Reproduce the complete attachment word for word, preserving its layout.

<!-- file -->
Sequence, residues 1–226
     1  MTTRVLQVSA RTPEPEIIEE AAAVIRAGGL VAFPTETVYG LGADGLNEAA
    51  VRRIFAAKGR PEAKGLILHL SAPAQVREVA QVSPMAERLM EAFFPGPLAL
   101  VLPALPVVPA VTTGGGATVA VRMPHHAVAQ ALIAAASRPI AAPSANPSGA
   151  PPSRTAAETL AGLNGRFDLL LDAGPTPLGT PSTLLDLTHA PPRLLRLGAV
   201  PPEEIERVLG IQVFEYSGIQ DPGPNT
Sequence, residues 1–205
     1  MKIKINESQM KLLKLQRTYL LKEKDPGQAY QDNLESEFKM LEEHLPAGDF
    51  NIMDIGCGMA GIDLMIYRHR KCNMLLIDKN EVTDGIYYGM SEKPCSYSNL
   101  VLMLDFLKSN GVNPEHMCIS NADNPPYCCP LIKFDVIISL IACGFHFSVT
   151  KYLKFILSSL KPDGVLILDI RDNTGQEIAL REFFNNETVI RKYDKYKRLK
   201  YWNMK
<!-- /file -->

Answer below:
Sequence, residues 1–226
     1  MTTRVLQVSA RTPEPEIIEE AAAVIRAGGL VAFPTETVYG LGADGLNEAA
    51  VRRIFAAKGR PEAKGLILHL SAPAQVREVA QVSPMAERLM EAFFPGPLAL
   101  VLPALPVVPA VTTGGGATVA VRMPHHAVAQ ALIAAASRPI AAPSANPSGA
   151  PPSRTAAETL AGLNGRFDLL LDAGPTPLGT PSTLLDLTHA PPRLLRLGAV
   201  PPEEIERVLG IQVFEYSGIQ DPGPNT
Sequence, residues 1–205
     1  MKIKINESQM KLLKLQRTYL LKEKDPGQAY QDNLESEFKM LEEHLPAGDF
    51  NIMDIGCGMA GIDLMIYRHR KCNMLLIDKN EVTDGIYYGM SEKPCSYSNL
   101  VLMLDFLKSN GVNPEHMCIS NADNPPYCCP LIKFDVIISL IACGFHFSVT
   151  KYLKFILSSL KPDGVLILDI RDNTGQEIAL REFFNNETVI RKYDKYKRLK
   201  YWNMK